Stock Price Manipulation

Stock and Bond Fraud, including Boiler Rooms / Pump and Dump Schemes, Mutual Fund & Hedge Fund Fraud, FOREX scams, plus Churning, Private Placements, Venture and Bridge Funding, IPOs, Viaticals Fraud, HYIP and Prime Bank scams, MTNs, Historical Notes, Recovery Schemes, etc. Includes the Jim Norman Project and the Michael Dotson Project and similar HYIP scams.
Green Lantern

Stock Price Manipulation

Postby Green Lantern » Tue Mar 20, 2007 4:03 pm

Hardly a new activity, but the very public and almost nonchalant disclosures rather have the markets buzzing today. It seems a bit sad to have to say that the most regulated, transparent market in the world is a bit of a "scam," albeit a legal one. I've read that the top 5 brokerages (Goldman Sachs. Morgan Stanley, Merrill Lynch, et al) now account for more than 75% of the market activity. It is easy to control stock proces when the mere act of buying will raise the price.

Anyway----here's what Cramer had to say according to the NY Post:
By Roddy Boyd
New York Post
Tuesday, March 20, 2007

http://www.nypost.com/seven/03202007/bu ... it_too_m...

Flamboyant Wall Street trader turned TV host Jim Cramer, not known for being the shy, retiring type, might have said too much in a video interview he did for a financial Web site.

The host of CNBC's daily program "Mad Money" had hedge fund-trading desks buzzing yesterday after he bragged about manipulating stock prices during his days as a trader.

In the video from TheStreet.com's "Wall Street Confidential" Webcast, Cramer boasts about manipulating the price of a high-flying stock down, and even acknowledges that doing so might have been illegal. The video is making the rounds on YouTube.

"A lot of times when I was short, I would create a level of activity beforehand that would drive the futures. ... It's a fun game," Cramer said in the Webcast, which was moderated by TheStreet.com Executive Editor Aaron Task.

Cramer later said that "no one else in the world would ever admit that, but I don't care."

However, seconds later, he acknowledged, "I'm not going to say that on TV," referring to his show on CNBC.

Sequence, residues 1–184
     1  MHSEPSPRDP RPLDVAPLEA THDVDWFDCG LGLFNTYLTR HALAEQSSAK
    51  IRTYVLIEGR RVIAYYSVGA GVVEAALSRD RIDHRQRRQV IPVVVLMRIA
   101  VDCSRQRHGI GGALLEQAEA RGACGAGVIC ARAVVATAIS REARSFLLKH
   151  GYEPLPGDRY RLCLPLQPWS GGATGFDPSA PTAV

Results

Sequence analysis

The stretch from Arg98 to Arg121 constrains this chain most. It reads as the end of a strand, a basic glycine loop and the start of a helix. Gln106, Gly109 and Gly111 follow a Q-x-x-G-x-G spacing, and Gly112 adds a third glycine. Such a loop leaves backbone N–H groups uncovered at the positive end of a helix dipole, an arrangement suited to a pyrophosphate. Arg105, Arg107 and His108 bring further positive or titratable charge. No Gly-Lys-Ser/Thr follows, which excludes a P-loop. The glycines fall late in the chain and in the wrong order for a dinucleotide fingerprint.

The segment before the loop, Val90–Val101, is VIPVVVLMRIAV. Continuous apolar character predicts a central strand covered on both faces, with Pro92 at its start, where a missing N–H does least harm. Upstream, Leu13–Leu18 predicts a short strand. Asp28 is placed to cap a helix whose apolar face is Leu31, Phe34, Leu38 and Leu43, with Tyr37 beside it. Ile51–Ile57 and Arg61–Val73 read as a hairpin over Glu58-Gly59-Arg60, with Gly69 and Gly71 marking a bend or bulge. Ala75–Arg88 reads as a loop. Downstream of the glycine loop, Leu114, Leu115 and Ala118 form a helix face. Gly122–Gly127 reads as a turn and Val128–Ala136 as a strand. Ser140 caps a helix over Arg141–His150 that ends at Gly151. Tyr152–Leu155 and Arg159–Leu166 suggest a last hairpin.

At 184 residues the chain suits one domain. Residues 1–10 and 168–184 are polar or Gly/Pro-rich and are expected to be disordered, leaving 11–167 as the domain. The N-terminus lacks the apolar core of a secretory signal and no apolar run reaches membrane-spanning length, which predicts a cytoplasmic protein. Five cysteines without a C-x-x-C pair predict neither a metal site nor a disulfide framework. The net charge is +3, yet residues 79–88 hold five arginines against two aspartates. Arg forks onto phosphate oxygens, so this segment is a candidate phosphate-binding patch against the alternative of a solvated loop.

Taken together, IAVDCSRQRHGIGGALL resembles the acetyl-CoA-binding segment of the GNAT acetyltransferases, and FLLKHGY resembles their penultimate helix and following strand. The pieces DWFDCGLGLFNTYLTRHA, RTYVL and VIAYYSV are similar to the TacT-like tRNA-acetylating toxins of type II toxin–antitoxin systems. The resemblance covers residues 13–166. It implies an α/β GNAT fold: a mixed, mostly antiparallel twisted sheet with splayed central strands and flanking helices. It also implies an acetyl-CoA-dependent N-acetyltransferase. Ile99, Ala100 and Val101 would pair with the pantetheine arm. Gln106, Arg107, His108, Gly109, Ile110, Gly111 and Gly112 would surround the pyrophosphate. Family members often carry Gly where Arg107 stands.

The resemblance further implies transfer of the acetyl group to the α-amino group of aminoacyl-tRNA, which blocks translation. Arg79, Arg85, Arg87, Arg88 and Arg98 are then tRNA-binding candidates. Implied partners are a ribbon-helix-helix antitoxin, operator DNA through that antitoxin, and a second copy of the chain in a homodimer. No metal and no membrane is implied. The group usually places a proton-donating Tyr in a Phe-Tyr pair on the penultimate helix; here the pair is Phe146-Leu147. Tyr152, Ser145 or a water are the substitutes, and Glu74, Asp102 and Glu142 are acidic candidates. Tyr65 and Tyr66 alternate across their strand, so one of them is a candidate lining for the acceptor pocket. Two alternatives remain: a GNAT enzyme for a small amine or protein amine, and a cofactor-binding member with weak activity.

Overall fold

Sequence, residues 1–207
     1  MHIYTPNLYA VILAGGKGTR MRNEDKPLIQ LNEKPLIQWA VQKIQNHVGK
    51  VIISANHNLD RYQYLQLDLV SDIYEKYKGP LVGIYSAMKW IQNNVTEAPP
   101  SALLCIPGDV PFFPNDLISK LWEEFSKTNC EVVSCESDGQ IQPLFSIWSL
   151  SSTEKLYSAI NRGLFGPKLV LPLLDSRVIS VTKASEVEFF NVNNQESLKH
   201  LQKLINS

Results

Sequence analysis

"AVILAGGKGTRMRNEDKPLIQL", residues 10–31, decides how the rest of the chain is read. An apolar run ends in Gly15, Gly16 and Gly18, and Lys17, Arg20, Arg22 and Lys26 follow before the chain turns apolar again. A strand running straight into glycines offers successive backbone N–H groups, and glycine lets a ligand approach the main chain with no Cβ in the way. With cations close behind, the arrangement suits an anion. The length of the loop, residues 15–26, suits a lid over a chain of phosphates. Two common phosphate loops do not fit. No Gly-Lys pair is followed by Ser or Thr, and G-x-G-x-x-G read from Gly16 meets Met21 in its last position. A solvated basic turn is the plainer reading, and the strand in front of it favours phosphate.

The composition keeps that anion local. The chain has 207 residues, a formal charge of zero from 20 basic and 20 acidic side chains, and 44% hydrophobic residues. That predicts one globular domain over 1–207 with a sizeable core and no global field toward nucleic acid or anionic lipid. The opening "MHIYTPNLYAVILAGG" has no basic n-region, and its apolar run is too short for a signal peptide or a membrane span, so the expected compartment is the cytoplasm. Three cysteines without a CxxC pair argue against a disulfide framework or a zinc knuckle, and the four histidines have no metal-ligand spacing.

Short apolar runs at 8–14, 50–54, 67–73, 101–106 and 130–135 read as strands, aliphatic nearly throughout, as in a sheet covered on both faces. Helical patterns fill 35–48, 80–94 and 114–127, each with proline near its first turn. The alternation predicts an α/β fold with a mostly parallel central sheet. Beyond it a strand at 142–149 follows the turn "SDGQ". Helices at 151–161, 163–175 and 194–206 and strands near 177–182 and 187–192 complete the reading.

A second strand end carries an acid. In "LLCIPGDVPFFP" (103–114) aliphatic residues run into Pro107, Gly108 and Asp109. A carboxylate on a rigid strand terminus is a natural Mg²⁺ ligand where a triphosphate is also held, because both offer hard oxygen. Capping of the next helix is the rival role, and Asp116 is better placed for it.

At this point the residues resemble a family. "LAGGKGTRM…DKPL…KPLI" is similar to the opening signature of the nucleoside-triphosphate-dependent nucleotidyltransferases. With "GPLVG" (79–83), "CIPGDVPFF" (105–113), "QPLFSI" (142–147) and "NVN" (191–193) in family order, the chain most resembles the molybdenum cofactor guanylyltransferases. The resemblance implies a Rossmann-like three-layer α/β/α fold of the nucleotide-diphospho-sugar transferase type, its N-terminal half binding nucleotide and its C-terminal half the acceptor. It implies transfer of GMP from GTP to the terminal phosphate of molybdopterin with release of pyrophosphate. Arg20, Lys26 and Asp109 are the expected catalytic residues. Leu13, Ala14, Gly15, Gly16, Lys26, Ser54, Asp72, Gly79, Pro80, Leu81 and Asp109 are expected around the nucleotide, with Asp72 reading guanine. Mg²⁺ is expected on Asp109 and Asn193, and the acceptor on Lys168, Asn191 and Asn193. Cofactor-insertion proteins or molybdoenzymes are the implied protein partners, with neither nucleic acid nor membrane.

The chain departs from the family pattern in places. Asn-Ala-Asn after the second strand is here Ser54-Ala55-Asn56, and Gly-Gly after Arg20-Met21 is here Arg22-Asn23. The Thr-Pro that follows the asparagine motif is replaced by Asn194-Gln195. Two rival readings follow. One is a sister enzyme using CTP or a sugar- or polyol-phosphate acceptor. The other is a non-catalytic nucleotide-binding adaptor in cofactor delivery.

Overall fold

A remarkably successful money manager when he ran the $450 million Cramer Berkowitz hedge fund, Cramer in the Webcast shared his "tips" on how to drive a stock price down so that a short position -- a bet that a stock price would drop -- remains profitable.

He added that the strategy -- while illegal -- was safe enough because, "the Securities and Exchange Commission never understands this."

A call to Cramer was not returned.


This makes those little E-mails we all get, touting unknown pink sheet stocks, seem almost innocuous.

Green Lantern

Re: Stock Price Manipulation

Postby Green Lantern » Sun May 27, 2007 10:47 pm

An interesting piece on Rigged U.S. Markets was run recently by, of all sources, Al-Jazeera. The analysts are well-known commentators. Given our media's newly found penchant for "self-censorship" and our societal pre-occupation with Bush, Iraq, oil and related issues, a lot of fraud by hedge funds, mutual funds, CEO's, and banks is flying under the radar so to speak.

silversopp

Postby silversopp » Tue Jul 03, 2007 8:27 pm

I thought it was pretty well known that the buyers and sellers of stock manipulate the price of the stock. It should be equally well known that in any free or relatively market, the buyers and sellers manipulate the price of a stock. Microeconomics teach us these things.

I've dabbled a bit in the stock market, and even the tiny amount of money I had invested had a noticable effect on the price of stocks. When I would sell my shares, I would ask for a little bit more than the price of the stock. When someone bought those shares, the price jumped up to my asking price. Amazing.

If someone had millions, compared to my thousands, they could influence prices much more. And those with billions even more so. Before getting involved with a market, understand that market.

No_Name1

Postby No_Name1 » Wed Aug 15, 2007 5:10 am

Hardly a new activity, but the very public and almost nonchalant disclosures rather have the markets buzzing today. It seems a bit sad to have to say that the most regulated, transparent market in the world is a bit of a "scam," albeit a legal one. I've read that the top 5 brokerages (Goldman Sachs. Morgan Stanley, Merrill Lynch, et al) now account for more than 75% of the market activity. It is easy to control stock proces when the mere act of buying will raise the price.